The services sector grew at its slowest pace for nearly a year in June as austerity measures dealt a blow to confidence, it was revealed today.
The latest activity index from the Chartered Institute of Purchasing and Supply (CIPS) - where a score over 50 indicates growth - showed services output at 54.4 in June, down on the 55.4 seen in May and marking the weakest result since August 2009.
Fears of a double-dip recession after the British government's austerity measures also saw the steepest fall in confidence in the sector in the 14-year history of the Markit/CIPS survey.
CIPS said the data painted a "worrying picture" for the sector, which has now seen activity slow for three of the last four months.
The June survey result was weaker than expected and adds to concerns over the UK recovery following signs last week of a slowdown in the manufacturing sector.
Vicky Redwood, of Capital Economics, said: "The survey data continue to cast doubt on the ability of the private sector to weather the fiscal tightening when it begins in earnest next year."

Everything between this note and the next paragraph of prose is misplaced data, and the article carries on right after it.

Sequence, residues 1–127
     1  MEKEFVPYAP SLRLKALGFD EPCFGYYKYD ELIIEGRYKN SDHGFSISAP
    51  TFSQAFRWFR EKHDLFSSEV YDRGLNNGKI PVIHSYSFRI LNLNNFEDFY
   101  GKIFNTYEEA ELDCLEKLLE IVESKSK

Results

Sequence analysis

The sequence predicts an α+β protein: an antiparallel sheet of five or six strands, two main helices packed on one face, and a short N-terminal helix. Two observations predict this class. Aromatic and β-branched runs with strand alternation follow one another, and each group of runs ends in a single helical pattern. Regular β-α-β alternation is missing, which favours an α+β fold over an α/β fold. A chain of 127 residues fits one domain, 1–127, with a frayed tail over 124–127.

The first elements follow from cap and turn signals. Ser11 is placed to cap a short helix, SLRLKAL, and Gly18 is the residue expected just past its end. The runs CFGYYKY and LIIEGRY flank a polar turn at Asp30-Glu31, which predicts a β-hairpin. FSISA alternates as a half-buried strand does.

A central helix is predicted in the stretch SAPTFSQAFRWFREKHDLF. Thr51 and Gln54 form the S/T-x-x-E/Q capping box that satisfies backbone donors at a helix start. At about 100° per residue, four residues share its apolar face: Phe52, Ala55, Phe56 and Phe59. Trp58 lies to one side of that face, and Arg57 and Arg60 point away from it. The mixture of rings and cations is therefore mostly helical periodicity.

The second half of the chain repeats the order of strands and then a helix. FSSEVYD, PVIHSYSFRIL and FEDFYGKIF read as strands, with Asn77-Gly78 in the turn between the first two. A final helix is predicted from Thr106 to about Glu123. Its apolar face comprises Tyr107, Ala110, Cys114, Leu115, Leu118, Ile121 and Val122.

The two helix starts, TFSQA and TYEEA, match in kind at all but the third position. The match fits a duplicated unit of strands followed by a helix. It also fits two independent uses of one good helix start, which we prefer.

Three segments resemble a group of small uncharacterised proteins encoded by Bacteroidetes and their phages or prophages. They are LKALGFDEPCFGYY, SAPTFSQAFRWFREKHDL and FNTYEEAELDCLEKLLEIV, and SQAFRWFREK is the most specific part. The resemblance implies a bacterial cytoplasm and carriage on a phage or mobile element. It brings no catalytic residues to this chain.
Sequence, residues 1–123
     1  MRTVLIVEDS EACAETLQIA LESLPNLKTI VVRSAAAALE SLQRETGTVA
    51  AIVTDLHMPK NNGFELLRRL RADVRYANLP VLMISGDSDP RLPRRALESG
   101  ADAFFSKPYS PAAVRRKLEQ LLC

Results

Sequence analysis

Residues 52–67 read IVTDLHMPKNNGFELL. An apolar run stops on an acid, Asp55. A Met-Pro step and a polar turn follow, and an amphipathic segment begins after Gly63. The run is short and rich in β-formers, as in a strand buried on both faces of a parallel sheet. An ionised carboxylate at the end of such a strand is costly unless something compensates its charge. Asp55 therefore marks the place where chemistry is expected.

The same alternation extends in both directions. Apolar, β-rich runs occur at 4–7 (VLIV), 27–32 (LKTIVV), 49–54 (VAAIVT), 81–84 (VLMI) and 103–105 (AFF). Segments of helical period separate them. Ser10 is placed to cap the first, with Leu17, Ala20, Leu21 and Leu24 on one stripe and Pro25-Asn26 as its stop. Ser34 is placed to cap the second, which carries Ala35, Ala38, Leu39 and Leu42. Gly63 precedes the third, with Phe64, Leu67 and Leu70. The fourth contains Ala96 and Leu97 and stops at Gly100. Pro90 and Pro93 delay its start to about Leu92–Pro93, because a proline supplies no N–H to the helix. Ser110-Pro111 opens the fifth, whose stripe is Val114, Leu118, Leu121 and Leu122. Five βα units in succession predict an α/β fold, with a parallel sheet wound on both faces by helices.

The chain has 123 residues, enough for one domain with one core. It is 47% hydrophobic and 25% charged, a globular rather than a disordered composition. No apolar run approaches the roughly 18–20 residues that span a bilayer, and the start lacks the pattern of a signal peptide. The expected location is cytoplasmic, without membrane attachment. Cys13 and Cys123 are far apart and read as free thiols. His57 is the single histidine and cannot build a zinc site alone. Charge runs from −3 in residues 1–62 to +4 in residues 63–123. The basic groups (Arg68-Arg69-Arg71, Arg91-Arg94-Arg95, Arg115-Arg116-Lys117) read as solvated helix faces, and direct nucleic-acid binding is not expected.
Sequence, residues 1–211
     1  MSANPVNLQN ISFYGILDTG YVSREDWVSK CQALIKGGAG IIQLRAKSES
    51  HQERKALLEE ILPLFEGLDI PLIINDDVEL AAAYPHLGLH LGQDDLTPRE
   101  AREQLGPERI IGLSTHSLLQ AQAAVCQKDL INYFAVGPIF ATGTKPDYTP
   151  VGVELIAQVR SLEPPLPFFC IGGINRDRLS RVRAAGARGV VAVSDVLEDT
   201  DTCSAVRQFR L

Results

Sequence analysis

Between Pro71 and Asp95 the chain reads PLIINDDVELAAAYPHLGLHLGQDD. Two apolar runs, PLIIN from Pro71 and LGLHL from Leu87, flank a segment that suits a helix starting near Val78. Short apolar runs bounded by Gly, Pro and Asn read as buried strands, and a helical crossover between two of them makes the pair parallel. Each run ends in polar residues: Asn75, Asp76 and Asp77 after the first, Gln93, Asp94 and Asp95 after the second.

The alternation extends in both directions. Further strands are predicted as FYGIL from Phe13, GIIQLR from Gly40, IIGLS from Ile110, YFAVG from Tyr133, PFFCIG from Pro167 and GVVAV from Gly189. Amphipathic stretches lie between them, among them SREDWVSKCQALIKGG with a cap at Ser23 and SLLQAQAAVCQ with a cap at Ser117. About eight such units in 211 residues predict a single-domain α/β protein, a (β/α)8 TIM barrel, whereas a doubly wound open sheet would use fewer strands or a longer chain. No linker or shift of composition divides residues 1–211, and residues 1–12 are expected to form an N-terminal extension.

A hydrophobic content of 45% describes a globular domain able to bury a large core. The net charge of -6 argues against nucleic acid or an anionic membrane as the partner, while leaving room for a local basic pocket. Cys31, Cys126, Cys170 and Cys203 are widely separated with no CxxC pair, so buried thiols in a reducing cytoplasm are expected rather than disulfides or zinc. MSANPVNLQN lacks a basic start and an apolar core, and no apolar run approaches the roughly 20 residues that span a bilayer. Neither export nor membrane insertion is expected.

Howard Archer, at IHS Global Insight, said the CIPS survey reinforced the case for interest rates to be held at their record low at this week's Bank of England meeting, despite mounting inflation fears.
But there was some good news from services firms in today's report, with new business levels picking up for the first time since February, albeit at a marginal rate.
Employment levels - which typically lag actual output levels - also grew for the third time since the beginning of March.
Economists are expecting wider GDP to have held up in the second quarter, although industry survey indications of a slowdown in the rebound suggest the second half of the year will be far tougher.
Paul Smith, senior economist at Markit, said: "While we continue to look for a 0.4% to 0.5% rise in GDP for the second quarter, this may well already represent a peaking in the recovery cycle.
"Confidence declined to the greatest extent in 14 years of data collection in reaction to the Government's austere emergency Budget, with concern expressed that the fiscal tightening could push the country back into recession."